It is generally assumed that in the realpolitik of a world dominated by large, rich and powerful countries, small and poor nations have little influence.
That is what we often see in the world’s headline news. The five permanent members of the UN Security Council rule the roost when it comes to issues of war and peace in the world. The G-7 and the G-20 countries set the rules of the world economy through their domination of institutions like the World Bank, IMF and WTO.
It appears there are two set of rules – double standards – when it comes to human rights, and inter-state trade and commerce. The theoretical premise of the “sovereign equality” of all nations goes out the window when the vested interests of the rich and powerful nations collide with those of the poor and the weak. The same applies in the private sector when large transnational corporations spread their wings in low and middle income countries.
However, this is not and need not be the case always. In the long march of human civilization, lofty ideas, noble norms and lasting values have come from unexpected quarters. Gautam Buddha, a prince of a tiny kingdom in the remote Himalayas, spread the message of peace that has guided the conduct of millions across many countries for millennia. Born in humble families in the Arabian desert, Jesus of Nazareth and Muhammad of Mecca propounded profound religious teachings that are followed by billions around the world. A half-naked fakir, Mahatma Gandhi, used the power of non-violent resistance to defeat the world’s mightiest empire.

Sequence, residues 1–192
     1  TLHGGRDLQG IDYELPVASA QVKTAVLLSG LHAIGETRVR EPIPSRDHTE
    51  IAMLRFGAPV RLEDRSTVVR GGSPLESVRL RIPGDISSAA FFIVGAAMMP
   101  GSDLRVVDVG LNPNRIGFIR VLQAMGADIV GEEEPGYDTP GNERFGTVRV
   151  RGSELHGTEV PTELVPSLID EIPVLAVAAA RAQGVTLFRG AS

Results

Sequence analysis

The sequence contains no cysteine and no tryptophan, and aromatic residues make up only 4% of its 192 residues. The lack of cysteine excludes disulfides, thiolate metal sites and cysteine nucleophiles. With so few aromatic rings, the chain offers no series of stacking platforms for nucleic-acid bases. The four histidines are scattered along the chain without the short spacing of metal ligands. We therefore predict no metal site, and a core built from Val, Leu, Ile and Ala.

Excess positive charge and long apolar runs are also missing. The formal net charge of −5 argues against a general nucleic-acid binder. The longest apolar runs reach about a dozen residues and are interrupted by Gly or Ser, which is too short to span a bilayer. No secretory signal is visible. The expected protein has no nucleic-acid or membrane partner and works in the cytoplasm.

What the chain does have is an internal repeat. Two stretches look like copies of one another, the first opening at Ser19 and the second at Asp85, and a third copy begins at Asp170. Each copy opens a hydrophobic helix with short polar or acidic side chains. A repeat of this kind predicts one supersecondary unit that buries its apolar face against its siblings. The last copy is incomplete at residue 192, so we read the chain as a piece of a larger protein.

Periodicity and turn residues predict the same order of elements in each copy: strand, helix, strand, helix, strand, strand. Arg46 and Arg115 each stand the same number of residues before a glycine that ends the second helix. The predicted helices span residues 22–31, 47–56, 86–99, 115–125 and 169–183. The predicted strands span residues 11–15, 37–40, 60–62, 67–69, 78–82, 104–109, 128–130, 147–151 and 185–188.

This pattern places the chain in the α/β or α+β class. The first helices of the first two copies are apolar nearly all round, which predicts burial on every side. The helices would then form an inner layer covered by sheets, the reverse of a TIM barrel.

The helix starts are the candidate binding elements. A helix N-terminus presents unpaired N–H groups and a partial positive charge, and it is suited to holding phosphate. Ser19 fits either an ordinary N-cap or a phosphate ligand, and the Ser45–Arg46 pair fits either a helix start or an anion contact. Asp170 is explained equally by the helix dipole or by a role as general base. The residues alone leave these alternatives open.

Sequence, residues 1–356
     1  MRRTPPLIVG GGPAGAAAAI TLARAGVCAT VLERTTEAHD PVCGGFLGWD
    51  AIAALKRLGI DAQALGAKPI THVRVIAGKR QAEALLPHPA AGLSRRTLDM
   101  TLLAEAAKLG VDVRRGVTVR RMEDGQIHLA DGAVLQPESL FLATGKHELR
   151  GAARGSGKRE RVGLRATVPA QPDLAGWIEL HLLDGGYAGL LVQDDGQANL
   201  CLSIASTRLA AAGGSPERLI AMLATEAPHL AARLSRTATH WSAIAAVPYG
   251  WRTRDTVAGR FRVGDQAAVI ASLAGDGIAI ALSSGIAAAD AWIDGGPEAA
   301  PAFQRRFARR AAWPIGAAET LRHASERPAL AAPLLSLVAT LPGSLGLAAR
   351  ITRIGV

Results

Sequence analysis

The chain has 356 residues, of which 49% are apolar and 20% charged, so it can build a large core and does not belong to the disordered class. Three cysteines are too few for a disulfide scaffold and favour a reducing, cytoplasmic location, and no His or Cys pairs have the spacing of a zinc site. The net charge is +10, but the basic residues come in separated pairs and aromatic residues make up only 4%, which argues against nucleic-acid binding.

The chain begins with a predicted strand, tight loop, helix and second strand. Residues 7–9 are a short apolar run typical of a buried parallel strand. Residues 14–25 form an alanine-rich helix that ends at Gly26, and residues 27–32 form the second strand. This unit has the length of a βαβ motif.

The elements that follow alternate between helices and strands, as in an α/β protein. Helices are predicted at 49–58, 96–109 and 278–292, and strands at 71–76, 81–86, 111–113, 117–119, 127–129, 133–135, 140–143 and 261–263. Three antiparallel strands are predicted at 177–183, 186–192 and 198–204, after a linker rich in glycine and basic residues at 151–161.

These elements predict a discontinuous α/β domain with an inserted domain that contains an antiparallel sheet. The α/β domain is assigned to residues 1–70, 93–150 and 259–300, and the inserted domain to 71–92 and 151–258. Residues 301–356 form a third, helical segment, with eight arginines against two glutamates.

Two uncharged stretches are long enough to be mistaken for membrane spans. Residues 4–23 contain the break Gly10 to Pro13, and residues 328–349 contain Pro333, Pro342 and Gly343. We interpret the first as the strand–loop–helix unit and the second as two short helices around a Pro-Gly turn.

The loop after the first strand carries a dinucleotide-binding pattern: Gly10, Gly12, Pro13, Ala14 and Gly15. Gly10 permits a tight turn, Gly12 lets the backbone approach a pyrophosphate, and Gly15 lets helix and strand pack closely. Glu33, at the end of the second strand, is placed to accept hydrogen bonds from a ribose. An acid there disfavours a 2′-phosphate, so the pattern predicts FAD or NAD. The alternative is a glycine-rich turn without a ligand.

In setting norms of global governance, we have seen scholars, diplomats and political leaders of such relatively small countries as Barbados, Costa Rica, Qatar, Sri Lanka, Singapore, Switzerland, Scandinavia and even tiny Lichtenstein play an outsized role at the UN and elsewhere. There was a time when Nepali diplomats played a leadership role in negotiations involving the laws of the sea and the end of apartheid from their strategic perch at the United Nations.
If pursued in a principled and persistent manner, small countries can harness their soft power as honest brokers to set new norms and influence big decisions in powerful regional and global forums. Several small island states are now exercising significant influence in negotiations involving the global climate crisis. Nepal could potentially play a leading role on behalf of the environmentally fragile mountain states of Asia and the world.
Leaders of Asian countries – Nehru, Sukarno, Sihanouk, Zou Enlai, U Thant, were influential figures in the world in the post-colonial era and at the height of the global Cold War. Asian scholars like Amartya Sen and Mahbub ul Haq influenced and shaped the global human development agenda. Nepal’s BP Koirala hobnobbed with such leaders and articulated a compelling vision of the big role of small states at the UN during his brief Premiership. He even broke new ground becoming the first SouthAsian leader to establish diplomatic relations with Israel.
In recent decades, geopolitical discord and disequilibrium have weakened the collective voice of South Asian states rendering regional bodies like SAARC toothless. While Asian Tiger economies have roared and Southeast Asian states have forged a strong economic alliance under the aegis of ASEAN, Asia as a continent today fails to present a collective & coordinated common position in international affairs as do most African and Latin American countries.
With the right kind of leadership and consistency in its policies, a neutral, non-aligned country like Nepal, espousing friendship with all and enmity with none, can hope to punch above its weight by forging alliances with like-minded small states on issues like the climate crisis, peace-keeping operations in conflict areas, setting norms for harnessing the growing power of digital technology and artificial intelligence for the benefit of humanity, while putting the interests of the world’s bottom billion peoples in Asia and beyond at the heart of regional and global policymaking.
Championing win-win solutions to the complex problems of the world divided by competing ideologies and economic interests is what small countries with big ideas and enlightened leadership can do best.
May ‘Purak Asia’ from its Nepali home base be the incubator of such vision.